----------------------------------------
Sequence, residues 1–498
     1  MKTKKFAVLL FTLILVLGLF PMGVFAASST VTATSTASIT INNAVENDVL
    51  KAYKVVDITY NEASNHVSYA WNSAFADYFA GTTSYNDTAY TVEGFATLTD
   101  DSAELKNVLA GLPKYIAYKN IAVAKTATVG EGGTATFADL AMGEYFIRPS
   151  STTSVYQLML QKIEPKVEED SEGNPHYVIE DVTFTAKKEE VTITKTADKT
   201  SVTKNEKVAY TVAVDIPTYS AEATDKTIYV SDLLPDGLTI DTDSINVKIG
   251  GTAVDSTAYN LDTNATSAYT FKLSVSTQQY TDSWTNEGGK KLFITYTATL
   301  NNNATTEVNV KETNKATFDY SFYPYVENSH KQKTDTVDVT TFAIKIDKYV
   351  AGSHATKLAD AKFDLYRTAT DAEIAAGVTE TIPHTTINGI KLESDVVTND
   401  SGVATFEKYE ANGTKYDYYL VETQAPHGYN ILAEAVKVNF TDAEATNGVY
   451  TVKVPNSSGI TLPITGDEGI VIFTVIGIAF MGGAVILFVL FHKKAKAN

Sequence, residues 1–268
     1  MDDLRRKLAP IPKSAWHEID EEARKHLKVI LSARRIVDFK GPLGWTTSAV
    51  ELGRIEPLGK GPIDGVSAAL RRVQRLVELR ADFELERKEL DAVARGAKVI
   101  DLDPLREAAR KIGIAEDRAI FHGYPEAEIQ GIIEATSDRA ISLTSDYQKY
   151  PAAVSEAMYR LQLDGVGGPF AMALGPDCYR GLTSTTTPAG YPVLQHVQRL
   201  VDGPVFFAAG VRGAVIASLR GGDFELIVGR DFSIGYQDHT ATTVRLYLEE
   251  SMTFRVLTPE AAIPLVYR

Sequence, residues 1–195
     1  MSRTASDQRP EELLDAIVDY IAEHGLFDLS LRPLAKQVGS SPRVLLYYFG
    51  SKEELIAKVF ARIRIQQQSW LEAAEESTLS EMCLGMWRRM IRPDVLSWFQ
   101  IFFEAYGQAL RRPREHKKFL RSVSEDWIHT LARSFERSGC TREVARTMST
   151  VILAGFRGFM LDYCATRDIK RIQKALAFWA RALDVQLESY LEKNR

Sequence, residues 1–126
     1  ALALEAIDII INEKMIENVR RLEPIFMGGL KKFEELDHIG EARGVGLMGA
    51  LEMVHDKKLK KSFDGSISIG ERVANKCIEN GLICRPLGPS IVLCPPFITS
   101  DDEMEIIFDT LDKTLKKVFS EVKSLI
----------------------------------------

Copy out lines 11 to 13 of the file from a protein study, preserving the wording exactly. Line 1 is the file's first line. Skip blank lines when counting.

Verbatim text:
   451  TVKVPNSSGI TLPITGDEGI VIFTVIGIAF MGGAVILFVL FHKKAKAN

Sequence, residues 1–268
     1  MDDLRRKLAP IPKSAWHEID EEARKHLKVI LSARRIVDFK GPLGWTTSAV